Growing up with a dentist stepdad, Cheryl Burke of Dancing with the Stars heard a lot over the years about the importance of good oral hygiene — in particular, the benefits of using dental floss.
“My dad would say, ‘make sure you floss,’ but I never really listened to him. I was very, very stubborn,” Cheryl told Dear Doctor magazine recently in an exclusive interview. Cheryl admits this stubbornness took its toll, in the form of tooth decay. “I definitely had my share of cavities,” Cheryl recalled.
Cavities can form when food particles, particularly sugar and carbohydrates, are not effectively cleaned from the spaces between teeth. These particles are then broken down by bacteria naturally present in the mouth, resulting in the production of acids that attack the tooth enamel.
When she reached her twenties, Cheryl decided she really needed to step up her oral hygiene and cultivate an asset so important to a professional dancer: a beautiful smile. And once she did, cavities became a distant memory.
“I think when you do floss frequently, it helps to reduce the chances of getting cavities,” Cheryl said. “It took me a while to figure it out.” Now Cheryl flosses after every meal. “I carry floss with me wherever I go. I have no shame busting out my floss in the middle of a restaurant!” She declared.
Dental decay is actually a worldwide epidemic, especially among kids. Untreated, it can lead to pain, tooth loss, and, because it is an infectious disease, it may even have more serious systemic (whole body) health consequences. The good thing is that it is entirely preventable through good oral hygiene at home and regular professional cleanings here at the office.
If it has been a while since you or your children have seen us for a cleaning and check-up, or you just want to learn more about preventing tooth decay, please contact us to schedule an appointment for a consultation. If you would like to read Dear Doctor's entire interview with Cheryl Burke, please see “Cheryl Burke.” Dear Doctor also has more on “Tooth Decay: The World's Oldest & Most Widespread Disease.”
Diabetes and periodontal (gum) disease are two types of inflammatory conditions that have more in common than was once thought. There is strong evidence to show that each of these diseases is a risk factor for the development and growth of the other. Studies have also found that treating one condition successfully may have a positive impact on the treatment of the other.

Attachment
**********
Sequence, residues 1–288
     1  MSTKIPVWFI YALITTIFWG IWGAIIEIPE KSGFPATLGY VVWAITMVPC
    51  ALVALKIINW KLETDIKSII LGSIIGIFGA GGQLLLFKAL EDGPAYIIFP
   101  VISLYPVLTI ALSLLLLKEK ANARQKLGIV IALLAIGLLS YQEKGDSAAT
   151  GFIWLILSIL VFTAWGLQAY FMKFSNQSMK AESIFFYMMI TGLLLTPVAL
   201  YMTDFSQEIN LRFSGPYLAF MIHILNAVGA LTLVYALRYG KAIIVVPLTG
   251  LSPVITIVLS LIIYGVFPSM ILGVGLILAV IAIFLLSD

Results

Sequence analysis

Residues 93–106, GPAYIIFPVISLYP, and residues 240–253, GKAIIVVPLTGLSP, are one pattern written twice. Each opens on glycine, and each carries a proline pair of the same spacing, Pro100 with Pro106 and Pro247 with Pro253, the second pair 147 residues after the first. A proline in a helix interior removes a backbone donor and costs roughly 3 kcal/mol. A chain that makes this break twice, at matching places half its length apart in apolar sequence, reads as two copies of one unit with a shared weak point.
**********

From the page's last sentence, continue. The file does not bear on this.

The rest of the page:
From the Greek meaning “to pass through the urine,” diabetes mellitus causes an abnormal rise in blood glucose level that can't be adequately controlled by insulin, the body's primary hormone for that task. Either the pancreas can't produce an adequate supply of insulin (as with Type 1 diabetes) or there is resistance to the hormone's effects (as with Type 2 and gestational/pregnancy diabetes). If you are a diabetic patient, you face many difficult issues with your health: your body develops an altered response to inflammation that may severely inhibit wound healing. You also may become more prone to chronic cardiovascular disease.
Periodontal (gum) disease describes a group of diseases caused by dental plaque, a whitish film that contains infection-causing bacteria. As infection rises within the gum tissues, the auto-immune system of the body responds to this threat and inflammation results. If the person is also a diabetic, this response may be impaired and may have a direct effect on how severe the periodontal disease progresses.
Periodontal disease can also affect your blood glucose level, if you are a diabetic. A number of studies have demonstrated that diabetic patients who have improved control of their periodontal disease through better oral hygiene and dental treatments have shown improvement in their blood sugar levels. There's even some evidence that effective periodontal treatment that reduces inflammation may improve the body's sensitivity to insulin. Likewise, bringing diabetes under control with supplemental insulin or positive lifestyle changes can help lessen the likelihood and severity of periodontal disease.
To sum it up, if you have been diagnosed with some form of diabetes, taking care of your teeth and gum tissues can have a positive impact on your diabetes. Likewise, making healthy changes in your lifestyle to bring your diabetes under control can reduce your risk for periodontal disease.
If you would like more information about periodontal disease and its effect along with diabetes, please contact us or schedule an appointment for a consultation. You can also learn more about this topic by reading the Dear Doctor magazine article “Diabetes and Periodontal Disease.”